Tuesday, September 17, 2019

2 Great Ideas for Getting Kids Reading



By Doyne Phillips, Managing Editor for Southern Writers Magazine


You may have seen the commercials. It starts with author James Patterson speaking in front of a backdrop of the American Flag. He states, “I’m James Patterson and I’m not running for President. But if I was running for President, I’d scream at every debate about getting kids reading.” Sure, it is an ad for his book cowritten with Chris Grabenstein entitled MAX EINSTEIN REBELS WITH A CAUSE but if you go to his website, he has 10 Tips for getting your kids’
reading. 


James Patterson's "10 tips to get your kids" reading

-Start today!

-Find books your kids love.

-Get a Library Card in your child's name.

-Set aside a daily "no-electronics" time for reading.

-"Buddy Read" together.

-Create a Reading Club with friends.

-Reward progress.

-Travel with your books wherever you go.

-Remember: it's up to you to make it fun.

Patterson developed these 10 Tips with Summer reading in mind but you can adjust and apply them year-round.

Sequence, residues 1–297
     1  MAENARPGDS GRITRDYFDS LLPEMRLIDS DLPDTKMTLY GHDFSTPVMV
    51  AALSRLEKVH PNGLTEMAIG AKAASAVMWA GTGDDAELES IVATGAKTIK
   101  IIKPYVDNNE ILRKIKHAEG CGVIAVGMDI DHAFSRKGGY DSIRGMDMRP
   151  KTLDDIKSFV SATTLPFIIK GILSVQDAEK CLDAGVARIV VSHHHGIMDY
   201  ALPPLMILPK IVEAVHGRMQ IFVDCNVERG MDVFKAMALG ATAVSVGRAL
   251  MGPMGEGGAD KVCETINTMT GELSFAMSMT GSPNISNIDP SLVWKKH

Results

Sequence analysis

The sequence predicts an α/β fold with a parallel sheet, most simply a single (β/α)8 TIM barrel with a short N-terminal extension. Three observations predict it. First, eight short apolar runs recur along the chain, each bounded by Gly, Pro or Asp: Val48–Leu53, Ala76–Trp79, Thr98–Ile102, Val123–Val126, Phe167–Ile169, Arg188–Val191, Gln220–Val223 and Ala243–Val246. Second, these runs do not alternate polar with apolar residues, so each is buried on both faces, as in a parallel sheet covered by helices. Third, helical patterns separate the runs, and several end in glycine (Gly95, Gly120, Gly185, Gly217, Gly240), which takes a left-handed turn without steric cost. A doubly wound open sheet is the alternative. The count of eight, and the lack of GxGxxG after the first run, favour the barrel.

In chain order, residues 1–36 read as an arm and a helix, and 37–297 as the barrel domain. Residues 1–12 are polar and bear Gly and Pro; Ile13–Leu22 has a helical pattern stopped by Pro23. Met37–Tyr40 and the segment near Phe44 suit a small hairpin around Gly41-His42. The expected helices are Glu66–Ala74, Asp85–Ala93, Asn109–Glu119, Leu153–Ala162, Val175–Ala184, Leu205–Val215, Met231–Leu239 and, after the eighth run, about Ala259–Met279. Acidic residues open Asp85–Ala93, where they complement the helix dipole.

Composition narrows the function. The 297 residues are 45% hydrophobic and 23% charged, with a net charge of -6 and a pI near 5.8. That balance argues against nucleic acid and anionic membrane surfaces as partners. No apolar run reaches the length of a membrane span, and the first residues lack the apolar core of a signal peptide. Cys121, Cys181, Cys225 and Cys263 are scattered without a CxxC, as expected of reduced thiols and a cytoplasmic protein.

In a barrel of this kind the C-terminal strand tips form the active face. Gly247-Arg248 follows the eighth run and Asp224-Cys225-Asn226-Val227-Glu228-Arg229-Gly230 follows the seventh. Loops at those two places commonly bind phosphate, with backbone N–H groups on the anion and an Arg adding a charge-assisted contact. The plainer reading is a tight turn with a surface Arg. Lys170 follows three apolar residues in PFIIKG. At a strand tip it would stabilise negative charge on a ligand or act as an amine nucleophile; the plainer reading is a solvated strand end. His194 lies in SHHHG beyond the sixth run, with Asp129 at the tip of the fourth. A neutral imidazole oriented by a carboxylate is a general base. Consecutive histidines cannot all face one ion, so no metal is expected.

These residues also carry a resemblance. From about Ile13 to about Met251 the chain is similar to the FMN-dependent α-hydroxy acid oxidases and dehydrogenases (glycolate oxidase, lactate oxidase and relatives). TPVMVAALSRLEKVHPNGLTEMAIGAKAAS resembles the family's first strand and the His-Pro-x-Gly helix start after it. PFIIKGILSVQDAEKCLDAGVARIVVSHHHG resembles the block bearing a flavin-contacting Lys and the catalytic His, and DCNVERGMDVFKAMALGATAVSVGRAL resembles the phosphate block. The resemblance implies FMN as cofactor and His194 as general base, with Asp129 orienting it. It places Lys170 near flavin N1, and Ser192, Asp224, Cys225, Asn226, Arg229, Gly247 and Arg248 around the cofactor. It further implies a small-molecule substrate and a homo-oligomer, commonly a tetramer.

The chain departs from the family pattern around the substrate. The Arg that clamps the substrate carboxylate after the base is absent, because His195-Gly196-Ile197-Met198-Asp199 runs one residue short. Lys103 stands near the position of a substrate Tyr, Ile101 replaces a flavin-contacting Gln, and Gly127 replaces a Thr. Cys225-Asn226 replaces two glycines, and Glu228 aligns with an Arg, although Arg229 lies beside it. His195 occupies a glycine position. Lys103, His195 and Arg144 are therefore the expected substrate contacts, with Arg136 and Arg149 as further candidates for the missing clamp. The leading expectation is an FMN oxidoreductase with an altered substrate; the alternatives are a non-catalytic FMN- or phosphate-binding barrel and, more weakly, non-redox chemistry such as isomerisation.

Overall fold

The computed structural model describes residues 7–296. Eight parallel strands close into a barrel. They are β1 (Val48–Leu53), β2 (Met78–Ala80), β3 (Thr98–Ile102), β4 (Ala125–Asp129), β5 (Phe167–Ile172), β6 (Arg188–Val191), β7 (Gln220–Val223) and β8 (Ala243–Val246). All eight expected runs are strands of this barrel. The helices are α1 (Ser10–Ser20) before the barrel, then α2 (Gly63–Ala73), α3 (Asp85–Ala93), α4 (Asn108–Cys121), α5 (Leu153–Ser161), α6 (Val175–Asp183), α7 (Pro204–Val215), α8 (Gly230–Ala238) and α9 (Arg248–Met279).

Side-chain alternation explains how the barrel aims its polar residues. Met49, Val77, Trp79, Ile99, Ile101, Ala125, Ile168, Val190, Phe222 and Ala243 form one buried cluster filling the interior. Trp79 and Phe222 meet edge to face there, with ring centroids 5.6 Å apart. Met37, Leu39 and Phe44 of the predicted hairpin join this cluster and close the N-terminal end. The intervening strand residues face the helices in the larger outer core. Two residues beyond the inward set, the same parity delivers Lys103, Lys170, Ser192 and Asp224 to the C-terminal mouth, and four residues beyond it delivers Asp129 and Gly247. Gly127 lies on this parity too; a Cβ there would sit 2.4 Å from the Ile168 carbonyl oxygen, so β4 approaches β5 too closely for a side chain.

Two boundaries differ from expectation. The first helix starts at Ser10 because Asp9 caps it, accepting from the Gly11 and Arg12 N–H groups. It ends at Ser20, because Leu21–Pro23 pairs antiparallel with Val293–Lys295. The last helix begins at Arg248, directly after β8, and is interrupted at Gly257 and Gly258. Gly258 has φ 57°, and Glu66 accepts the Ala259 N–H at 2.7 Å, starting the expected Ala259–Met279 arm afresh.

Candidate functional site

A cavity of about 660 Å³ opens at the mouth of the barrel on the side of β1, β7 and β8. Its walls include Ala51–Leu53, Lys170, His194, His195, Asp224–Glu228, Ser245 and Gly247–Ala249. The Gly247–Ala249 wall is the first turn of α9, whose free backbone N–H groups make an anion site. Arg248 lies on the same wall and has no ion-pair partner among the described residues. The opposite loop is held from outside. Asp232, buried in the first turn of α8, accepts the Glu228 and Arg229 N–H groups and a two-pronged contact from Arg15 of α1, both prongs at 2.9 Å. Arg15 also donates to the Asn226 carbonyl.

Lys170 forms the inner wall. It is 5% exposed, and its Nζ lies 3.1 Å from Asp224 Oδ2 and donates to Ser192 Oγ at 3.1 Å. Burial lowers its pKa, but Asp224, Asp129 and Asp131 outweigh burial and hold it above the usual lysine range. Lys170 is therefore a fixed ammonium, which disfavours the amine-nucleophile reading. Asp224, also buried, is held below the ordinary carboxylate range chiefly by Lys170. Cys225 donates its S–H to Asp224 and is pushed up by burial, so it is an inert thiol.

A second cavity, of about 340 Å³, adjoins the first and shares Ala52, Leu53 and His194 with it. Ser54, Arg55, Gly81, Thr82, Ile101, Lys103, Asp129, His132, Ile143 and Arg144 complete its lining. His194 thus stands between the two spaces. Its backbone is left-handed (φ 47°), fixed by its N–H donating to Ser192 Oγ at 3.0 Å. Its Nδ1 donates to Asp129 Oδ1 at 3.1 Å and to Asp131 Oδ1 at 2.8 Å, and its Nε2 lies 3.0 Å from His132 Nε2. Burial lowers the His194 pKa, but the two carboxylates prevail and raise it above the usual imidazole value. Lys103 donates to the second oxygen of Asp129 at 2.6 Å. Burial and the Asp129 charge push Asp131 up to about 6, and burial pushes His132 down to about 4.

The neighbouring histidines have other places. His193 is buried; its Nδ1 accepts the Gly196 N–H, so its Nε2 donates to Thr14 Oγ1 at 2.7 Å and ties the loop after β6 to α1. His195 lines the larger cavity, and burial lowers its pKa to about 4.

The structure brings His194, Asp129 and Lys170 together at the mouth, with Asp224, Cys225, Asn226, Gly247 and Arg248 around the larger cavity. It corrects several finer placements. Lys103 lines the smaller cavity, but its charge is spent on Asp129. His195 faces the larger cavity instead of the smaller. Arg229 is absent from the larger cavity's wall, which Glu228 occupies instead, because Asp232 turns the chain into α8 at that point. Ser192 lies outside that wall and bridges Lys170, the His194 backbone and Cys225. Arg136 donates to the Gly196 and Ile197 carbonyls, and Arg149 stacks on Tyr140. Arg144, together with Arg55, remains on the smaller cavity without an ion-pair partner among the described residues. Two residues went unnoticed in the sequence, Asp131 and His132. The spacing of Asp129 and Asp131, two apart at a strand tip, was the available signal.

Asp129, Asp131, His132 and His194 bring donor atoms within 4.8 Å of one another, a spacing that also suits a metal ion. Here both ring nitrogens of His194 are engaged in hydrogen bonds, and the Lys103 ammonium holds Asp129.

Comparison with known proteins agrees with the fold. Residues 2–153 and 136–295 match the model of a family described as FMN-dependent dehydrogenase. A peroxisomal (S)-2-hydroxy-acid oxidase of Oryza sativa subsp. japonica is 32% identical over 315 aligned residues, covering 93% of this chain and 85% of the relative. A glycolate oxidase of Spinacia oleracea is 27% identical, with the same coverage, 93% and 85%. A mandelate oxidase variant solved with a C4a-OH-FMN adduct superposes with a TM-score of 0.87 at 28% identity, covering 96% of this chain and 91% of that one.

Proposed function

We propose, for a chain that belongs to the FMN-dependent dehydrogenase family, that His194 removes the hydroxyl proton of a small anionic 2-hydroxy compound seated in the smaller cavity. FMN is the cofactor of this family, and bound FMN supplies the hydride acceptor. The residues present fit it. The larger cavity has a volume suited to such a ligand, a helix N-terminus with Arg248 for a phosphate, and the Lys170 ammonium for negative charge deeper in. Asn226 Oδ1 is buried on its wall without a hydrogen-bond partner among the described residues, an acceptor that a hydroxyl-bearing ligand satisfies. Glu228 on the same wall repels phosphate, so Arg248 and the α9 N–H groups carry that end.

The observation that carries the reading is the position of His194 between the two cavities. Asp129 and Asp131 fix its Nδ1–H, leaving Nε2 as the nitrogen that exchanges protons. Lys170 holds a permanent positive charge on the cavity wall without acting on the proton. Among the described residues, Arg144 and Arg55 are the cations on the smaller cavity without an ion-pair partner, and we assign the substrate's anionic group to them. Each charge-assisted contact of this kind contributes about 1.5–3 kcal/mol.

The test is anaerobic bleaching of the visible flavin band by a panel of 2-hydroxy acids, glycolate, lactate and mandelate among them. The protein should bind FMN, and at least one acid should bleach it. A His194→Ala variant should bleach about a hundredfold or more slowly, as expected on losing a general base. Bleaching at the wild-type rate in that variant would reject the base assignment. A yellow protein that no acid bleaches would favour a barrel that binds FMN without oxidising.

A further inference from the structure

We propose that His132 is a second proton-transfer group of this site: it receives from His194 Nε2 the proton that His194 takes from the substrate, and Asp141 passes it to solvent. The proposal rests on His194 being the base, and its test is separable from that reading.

Another great idea to get your kids’ reading comes from England Elementary School in England Arkansas. I’m especially proud of this idea because it’s a fantastic idea and it comes from my wife’s and mine alma mater. It has received tens of thousands of likes on Facebook  and TV coverage on their local news channel out of Little Rock AR. 

It is a book vending machine. Many schools have bought into the idea and used their student activity money to purchase the $4,000 machine manufactured by Global Vending Group.  The way it works, each week there are 50-60 golden tokens awarded to children showing outstanding behavior. Those awarded may take their coin and purchase a book from the vending machine. The kids love this because as one little girl said this book is mine and I can keep it and take it home. The other books are the schools.

There has been a great interest in the book vending machine and in the exceptional behavior of the children so they can earn a golden token. It would be a way for literacy groups, book clubs, writer’s groups and the like to encourage reading. Fund raisers could easily reach the $4,000 purchase price in a short period of time.

As a grandparent of 10 I know the struggle to get our digitally minded kids to put down the screens and read a book. It can be difficult but it is possible. We have used the “no-electronics”, or as we call it digital blackout to gather the grands around the dinning room table for art, board games and reading. I enjoy seeing and hearing them take turns reading from a book they choose. It’s a magical moment for grandparents and I think your kids/grandkids will love you for it.


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